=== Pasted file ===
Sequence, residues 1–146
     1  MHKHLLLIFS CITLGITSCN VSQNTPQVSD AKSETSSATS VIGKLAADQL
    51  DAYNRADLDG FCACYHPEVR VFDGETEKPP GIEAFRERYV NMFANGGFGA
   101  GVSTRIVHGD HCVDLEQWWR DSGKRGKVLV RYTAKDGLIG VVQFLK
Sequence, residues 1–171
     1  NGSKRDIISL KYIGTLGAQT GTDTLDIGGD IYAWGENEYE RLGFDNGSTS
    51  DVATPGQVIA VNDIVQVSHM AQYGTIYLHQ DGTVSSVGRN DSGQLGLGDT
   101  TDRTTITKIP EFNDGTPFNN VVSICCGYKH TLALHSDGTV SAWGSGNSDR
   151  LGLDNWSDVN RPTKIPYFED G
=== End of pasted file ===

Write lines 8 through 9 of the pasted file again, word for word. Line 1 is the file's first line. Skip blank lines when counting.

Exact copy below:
   101  TDRTTITKIP EFNDGTPFNN VVSICCGYKH TLALHSDGTV SAWGSGNSDR
   151  LGLDNWSDVN RPTKIPYFED G